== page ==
How to Land the Job of Your Dreams: The ultimate and fail-safe job interview helps that are guaranteed to land you the job of your choice.
Rule number one: Always start by stating that you went to Harvard. That is impressive and will be your “in.”
Once you have your “in,” tell the interviewer something interesting about yourself, but avoid any funny stories of things you have done that may be considered “criminal activity.” If you cannot think of something interesting about yourself, think about something interesting that someone you know has done. (After all, we influence the people we know, so it is really more of a team effort.) For example, you may say “I was the first man to walk on the moon.” We all know who Neil Armstrong is, so no harm done. Plus, this is also impressive. Now you have two “ins.”
With two “ins”, it is pretty hard not to get the job. At this point, you are just trying not to blow it. Stay away from explosive topics like war, politics, religion, and especially political religious wars or snake pits. Instead, try asking a few questions about the interviewer’s love life. You want to make things personal. The interviewer may act hesitant at first, but keep prodding. This is all part of the test.
Keep the payoff in sight. If you develop a connection with the person, you will have sealed the deal. If you do not feel that immediate connection, try throwing in a few statements like “My favorite color is the same as yours.” Or “If you had your own business, I would definitely want to work there . . . forever . . . and ever . . . and ever . . . and ever. Continue the “and evers” until the interviewer breaks away from your piercing eye contact, even if this takes several minutes. He needs to know that you are sincere—to the grave and beyond sincere.
At this stage, the interviewer will probably go through a series of questions as a formality. Be prepared to answer questions about why all the phone numbers for your references are disconnected or no longer in use.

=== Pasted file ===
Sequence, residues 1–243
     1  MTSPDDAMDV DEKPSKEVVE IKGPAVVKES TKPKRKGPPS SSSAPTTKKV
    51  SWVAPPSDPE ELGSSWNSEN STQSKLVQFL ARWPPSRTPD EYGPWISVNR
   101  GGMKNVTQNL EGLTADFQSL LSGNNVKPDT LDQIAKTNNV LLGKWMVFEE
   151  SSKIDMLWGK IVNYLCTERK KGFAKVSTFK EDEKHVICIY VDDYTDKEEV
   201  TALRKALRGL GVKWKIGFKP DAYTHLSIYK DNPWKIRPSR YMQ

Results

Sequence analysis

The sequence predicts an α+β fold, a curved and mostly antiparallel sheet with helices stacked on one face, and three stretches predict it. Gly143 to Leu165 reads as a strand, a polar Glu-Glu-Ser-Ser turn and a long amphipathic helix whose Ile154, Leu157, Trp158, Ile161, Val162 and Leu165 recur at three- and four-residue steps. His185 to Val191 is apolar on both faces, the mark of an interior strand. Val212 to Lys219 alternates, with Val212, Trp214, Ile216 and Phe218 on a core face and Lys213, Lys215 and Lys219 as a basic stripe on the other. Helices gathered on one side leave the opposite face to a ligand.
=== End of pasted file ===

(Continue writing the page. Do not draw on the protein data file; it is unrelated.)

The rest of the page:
When asked about your prior work experience, be descriptive and use bold action verbs. Do not say “I babysat during the summer.” Instead, say “I engineered and developed state-of-the-art technology as regional director of the research and development department.” Such language will pique the interviewer’s interest. Employers want people with transferable skills. They are not looking for someone to babysit (unless it is a child care center—that is the only exception), they want someone to engineer and develop. I cannot tell you how many times I have heard employers say that.
Also, don’t wait too long to ask if the employer believes in some of the illnesses you think you may have. This would also be the time to ask detailed questions about the number of security cameras and guards they keep around the office. It is important to show interest in their business.
And most important, be prepared for anything. Bring a can of mace, a magic deck of cards, a jump rope, monopoly money, anything that might get you out of a tough question.
And finally, for a nice finishing touch to the interview, hand the interviewer a thank you card and ask him to write his name and his company’s name in the blanks. (You do not want to risk misspelling the names. It may give the impression that you are not thoughtful.) When he is done, ask to borrow a stamp, and then leave the thank you card on his desk. (This way, even if you do not get the job—hey, free stamp!)
Remember proper etiquette is to wait at least five minutes before calling to see if you got the job and to ask if you can get that first pay check advanced.
Enjoy many happy years in the job of your dreams.